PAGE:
TEACH Grants Up to $4,000
Hattie N. Harrison Memorial Scholarship Up to $4,000
Joseph J. Fox, Jr. Memorial Scholarship $2,000
|Location||Employment||Annual Mean Wage|
With nearly 170,000 teachers employed in the state, educators make up a significant segment of Maryland's workforce. The average teacher earns about $63,000, according to the BLS. Salaries for teachers in Maryland surpass the national average salary for all teachers throughout the country, which is $54,520; salaries vary depending on the job title, the teacher's educational level, and location.
Preschool teachers receive the lowest wages among Maryland's educators, earning just over $35,000 a year. However, Maryland does not require a teaching certificate for preschool teachers. At the K-12 level, kindergarten teachers earn just under $59,000 a year, while elementary, middle school, and high school teachers make around $65,000.
In addition to job title, teacher salaries vary based on the teacher's highest level of education. In Maryland, as in other states, teachers with a master's degree often earn more than those with a bachelor's degree. Other factors contribute to salary differences, including the school district and the location. Many school districts publish their teacher salary schedules, meaning prospective educators can check their potential salary before earning a teaching degree.
|Elementary School Teachers||$64,970|
|Middle School Teachers||$64,840|
|Secondary School Teachers||$65,930|
How do I get certified to teach in Maryland?
How much do teachers make in Maryland?
How long does it take to get a teaching certificate in Maryland?
Do you need a master's to teach in Maryland?
- Maryland State Department of Education (MSDE) MSDE certifies teachers, adds endorsements to teacher licenses, and grants advanced professional certifications. Additionally, MSDE provides information on the public school system and Maryland teaching jobs.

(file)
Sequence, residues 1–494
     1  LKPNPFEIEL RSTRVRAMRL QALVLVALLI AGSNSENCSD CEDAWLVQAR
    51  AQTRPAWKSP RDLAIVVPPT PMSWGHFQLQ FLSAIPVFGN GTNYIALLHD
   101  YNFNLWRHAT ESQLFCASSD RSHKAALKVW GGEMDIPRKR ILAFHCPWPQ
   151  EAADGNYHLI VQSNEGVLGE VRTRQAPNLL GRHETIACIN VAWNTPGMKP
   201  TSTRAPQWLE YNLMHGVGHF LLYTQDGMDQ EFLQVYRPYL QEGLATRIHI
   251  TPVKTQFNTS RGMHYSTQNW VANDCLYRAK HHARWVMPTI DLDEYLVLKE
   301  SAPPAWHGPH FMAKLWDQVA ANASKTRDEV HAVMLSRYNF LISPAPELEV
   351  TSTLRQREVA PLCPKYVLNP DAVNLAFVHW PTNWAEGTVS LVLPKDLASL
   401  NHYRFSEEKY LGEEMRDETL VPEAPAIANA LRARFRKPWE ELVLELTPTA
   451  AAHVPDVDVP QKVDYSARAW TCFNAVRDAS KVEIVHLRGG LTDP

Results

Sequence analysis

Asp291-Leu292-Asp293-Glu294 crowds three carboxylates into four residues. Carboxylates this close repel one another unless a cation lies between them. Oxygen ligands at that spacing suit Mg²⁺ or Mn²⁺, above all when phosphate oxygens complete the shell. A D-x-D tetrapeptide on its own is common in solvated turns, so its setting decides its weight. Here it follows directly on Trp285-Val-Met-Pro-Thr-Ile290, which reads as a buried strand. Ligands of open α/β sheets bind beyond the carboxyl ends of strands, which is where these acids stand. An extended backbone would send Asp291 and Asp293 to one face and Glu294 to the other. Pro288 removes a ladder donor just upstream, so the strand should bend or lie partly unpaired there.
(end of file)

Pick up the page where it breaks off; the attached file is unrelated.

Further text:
- Maryland State Education Association (MSEA) MSEA promotes great public schools and quality education, including providing tools and support for Maryland's educators. MSEA lobbies for school funding, bargains for salaries, and offers legal aid for teachers, as well as professional development and training.
- Maryland Association of Science Teachers (MAST) The MAST supports science education by making it accessible and enjoyable, as well as supporting science teachers through professional development, teaching resources, and award ceremonies.
- Maryland PTA The Maryland PTA, short for Parent-Teacher Association, advocates for public education through encouraging parent and public involvement in schools. The national organization, which dates back to 1897, helps connect local teachers with parents and community members to support schools and the children who attend them.
- National Education Association (NEA) Dating back to 1857, the NEA promotes public education and supports teachers at all levels, from preschool to graduate educators. The NEA has more than 3 million members who receive education resources, organization information, and discounted legal services.